You gotta give it to 2020: every day, things just get wilder and wilder. As if things weren't crazy enough, now we have people trying to assert that facts are censorship.
Yes, you read that right: in the wake of Twitter fact-checking one of President Trump's lie-filled tweets, one of the Winklevoss twins, who were among the original founders of Facebook, has called fact-checking "censorship."
And the internet isn't having it.
As you've probably heard, a furor arose a few days ago when the President openly lied in a tweet about mail-in voting, and Twitter applied a fact-checking link that led to sources of information on the topic, such as this CNN story about the exceeding rarity of mail-in voting fraud.
In any case, the President had a meltdown about it, as he is wont to do. Now, one of the Winklevoss twins, who are best-known as the guys who sued Mark Zuckerberg over their part in the creation of Facebook, is joining the fray.
Cameron Winklevoss would like you to know that facts are "censorship."
"Fact checking" is a euphemism for editorializing which is a form of censorship. And that's a fact.— Cameron Winklevoss (@Cameron Winklevoss)1590676588.0
The thing is, that's not a fact. Because fact-checking is...well, verifying facts, and editorializing is the giving of opinions. They are very distinctly not the same thing.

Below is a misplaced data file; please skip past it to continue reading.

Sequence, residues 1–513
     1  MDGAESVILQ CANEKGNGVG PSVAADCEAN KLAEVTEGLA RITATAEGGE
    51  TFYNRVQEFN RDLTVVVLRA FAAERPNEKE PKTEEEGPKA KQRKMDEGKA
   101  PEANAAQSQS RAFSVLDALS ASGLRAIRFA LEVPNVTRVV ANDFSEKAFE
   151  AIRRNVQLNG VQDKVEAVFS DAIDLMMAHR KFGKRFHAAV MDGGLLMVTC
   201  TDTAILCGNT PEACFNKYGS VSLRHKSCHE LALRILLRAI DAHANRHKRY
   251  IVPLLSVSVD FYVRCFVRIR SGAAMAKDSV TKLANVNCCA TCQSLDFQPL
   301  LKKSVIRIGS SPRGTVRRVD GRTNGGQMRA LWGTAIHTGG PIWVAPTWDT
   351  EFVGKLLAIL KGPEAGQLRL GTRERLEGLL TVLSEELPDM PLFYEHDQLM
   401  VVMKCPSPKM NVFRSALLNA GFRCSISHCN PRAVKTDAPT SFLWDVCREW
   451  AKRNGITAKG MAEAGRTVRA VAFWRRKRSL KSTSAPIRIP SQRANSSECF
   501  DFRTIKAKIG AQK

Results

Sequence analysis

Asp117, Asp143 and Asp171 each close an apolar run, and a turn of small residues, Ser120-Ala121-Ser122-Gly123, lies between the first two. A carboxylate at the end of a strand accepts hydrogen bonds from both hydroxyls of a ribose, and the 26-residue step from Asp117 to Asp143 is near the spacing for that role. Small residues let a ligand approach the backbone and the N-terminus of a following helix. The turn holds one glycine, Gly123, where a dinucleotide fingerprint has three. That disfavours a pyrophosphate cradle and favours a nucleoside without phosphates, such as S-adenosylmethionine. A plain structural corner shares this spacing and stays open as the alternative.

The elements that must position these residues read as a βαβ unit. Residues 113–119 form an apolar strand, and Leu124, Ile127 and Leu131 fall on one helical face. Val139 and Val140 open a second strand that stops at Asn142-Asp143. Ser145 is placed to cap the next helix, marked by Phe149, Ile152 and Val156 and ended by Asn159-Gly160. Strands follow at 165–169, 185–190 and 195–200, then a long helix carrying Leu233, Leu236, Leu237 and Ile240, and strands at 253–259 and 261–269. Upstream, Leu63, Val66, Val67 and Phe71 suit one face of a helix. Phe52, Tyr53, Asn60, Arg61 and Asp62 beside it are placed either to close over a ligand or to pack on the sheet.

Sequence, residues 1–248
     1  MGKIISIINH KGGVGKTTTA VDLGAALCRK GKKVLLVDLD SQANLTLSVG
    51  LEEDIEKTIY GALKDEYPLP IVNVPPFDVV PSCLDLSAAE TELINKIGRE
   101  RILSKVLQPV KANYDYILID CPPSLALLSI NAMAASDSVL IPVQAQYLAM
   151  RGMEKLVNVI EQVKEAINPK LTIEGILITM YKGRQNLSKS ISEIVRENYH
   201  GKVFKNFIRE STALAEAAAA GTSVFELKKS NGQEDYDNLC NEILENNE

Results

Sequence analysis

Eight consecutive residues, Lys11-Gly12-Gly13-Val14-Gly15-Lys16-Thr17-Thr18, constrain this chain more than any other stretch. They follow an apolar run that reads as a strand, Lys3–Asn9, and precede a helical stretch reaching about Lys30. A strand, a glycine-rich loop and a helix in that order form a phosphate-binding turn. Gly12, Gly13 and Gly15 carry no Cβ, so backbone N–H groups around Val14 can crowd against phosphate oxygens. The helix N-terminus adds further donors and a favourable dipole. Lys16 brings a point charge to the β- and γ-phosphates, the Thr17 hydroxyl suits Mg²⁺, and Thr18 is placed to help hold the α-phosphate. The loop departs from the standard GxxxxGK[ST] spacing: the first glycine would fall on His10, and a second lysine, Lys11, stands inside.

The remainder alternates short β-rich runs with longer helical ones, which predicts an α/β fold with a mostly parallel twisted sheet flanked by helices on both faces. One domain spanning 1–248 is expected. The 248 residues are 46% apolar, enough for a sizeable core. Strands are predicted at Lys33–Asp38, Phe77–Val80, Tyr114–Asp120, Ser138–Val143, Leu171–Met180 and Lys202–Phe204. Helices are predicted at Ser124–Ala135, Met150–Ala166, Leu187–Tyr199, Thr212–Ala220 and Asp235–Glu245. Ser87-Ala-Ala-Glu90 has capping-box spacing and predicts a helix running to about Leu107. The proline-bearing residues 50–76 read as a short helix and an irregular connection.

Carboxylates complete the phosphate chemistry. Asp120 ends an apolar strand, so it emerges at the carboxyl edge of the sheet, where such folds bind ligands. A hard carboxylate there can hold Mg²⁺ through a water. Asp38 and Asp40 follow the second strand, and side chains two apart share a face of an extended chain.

The tweet comes on the heels of Trump's executive order attempting to overturn Section 230 of the First Amendment, which would open social media platforms like Twitter to lawsuits. The order also calls for the formation of a work-group to compile watch-lists of social media users based on their activity. You know, basic dictator stuff.
Unsurprisingly, Twitter folks were not having it, and quickly fact-checked Winklevoss's little "fact-check" about fact-checking.
@winklevoss Cameron, I respectfully have to strongly disagree with you here. Fact checking is to help people uncove… https://t.co/hqAAAAaWLq— Laura Shin (@Laura Shin)1590678351.0
@winklevoss Is this a parody account?— Kevin M. Kruse (@Kevin M. Kruse)1590685102.0
@winklevoss “Censorship” is the inability of someone to express their opinion (no matter how uninformed or ignorant… https://t.co/4UPX7rK7V6— Matthew Mercer (@Matthew Mercer)1590737988.0
@winklevoss No, fact checking is investigating an issue in order to verify the facts. Facts exist. The truth exists… https://t.co/0sK8KIWfxC— Shannon Coulter (@Shannon Coulter)1590681612.0
@winklevoss What are you talking about? Fact checking is speech. It’s basically a way to respond, through more spee… https://t.co/9YZYPGiPQe— Ted Lieu (@Ted Lieu)1590687873.0
@winklevoss A fact-checker pointing out that the statement "water is dry" is not true is not "censorship", champ.— Pé (@Pé)1590680070.0
@winklevoss @KevinMKruse The point is this hollow static of yours is causing many to wonder about that. As you kno… https://t.co/ylHsxKKnas— Mike Myers (@Mike Myers)1590688832.0
@winklevoss @zooko Fact checking is like adding warning labels. Censorship is like banning things. Given that pro-… https://t.co/QToRFW35ZO— vitalik.eth (@vitalik.eth)1590681188.0
Even the shadiest queens on the internet, the literal Dictionary, got into the fray with a simple, straight-forward fact-check.
No. https://t.co/rhWkIdLsNB https://t.co/97gh48YAez— Dictionary.com (@Dictionary.com)1590679970.0
For its part, Twitter itself is not backing down from its new procedure. Just hours after his executive order was signed, Trump openly called for state violence against the protestors in Minneapolis, tweeting, "...when the looting starts, the shooting starts."
Twitter immediately applied a warning message on the tweet, stating that the President had violated Twitter's terms of service.